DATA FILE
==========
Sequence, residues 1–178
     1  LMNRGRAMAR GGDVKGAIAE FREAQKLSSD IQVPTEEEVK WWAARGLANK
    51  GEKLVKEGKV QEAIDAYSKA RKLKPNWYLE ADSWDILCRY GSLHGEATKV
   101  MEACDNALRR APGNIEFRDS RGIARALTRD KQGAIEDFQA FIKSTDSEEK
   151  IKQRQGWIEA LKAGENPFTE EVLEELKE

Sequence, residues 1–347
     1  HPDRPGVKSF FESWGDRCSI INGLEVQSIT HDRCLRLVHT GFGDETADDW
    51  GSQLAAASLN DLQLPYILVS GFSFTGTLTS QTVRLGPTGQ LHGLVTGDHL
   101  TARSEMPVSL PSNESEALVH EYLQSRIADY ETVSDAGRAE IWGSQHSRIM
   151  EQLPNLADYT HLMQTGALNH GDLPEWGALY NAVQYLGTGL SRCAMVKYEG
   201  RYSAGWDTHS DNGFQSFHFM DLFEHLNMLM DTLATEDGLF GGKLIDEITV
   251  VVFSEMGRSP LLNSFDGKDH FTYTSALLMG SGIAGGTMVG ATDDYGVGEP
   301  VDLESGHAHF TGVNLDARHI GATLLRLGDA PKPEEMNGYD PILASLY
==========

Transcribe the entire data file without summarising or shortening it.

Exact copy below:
Sequence, residues 1–178
     1  LMNRGRAMAR GGDVKGAIAE FREAQKLSSD IQVPTEEEVK WWAARGLANK
    51  GEKLVKEGKV QEAIDAYSKA RKLKPNWYLE ADSWDILCRY GSLHGEATKV
   101  MEACDNALRR APGNIEFRDS RGIARALTRD KQGAIEDFQA FIKSTDSEEK
   151  IKQRQGWIEA LKAGENPFTE EVLEELKE

Sequence, residues 1–347
     1  HPDRPGVKSF FESWGDRCSI INGLEVQSIT HDRCLRLVHT GFGDETADDW
    51  GSQLAAASLN DLQLPYILVS GFSFTGTLTS QTVRLGPTGQ LHGLVTGDHL
   101  TARSEMPVSL PSNESEALVH EYLQSRIADY ETVSDAGRAE IWGSQHSRIM
   151  EQLPNLADYT HLMQTGALNH GDLPEWGALY NAVQYLGTGL SRCAMVKYEG
   201  RYSAGWDTHS DNGFQSFHFM DLFEHLNMLM DTLATEDGLF GGKLIDEITV
   251  VVFSEMGRSP LLNSFDGKDH FTYTSALLMG SGIAGGTMVG ATDDYGVGEP
   301  VDLESGHAHF TGVNLDARHI GATLLRLGDA PKPEEMNGYD PILASLY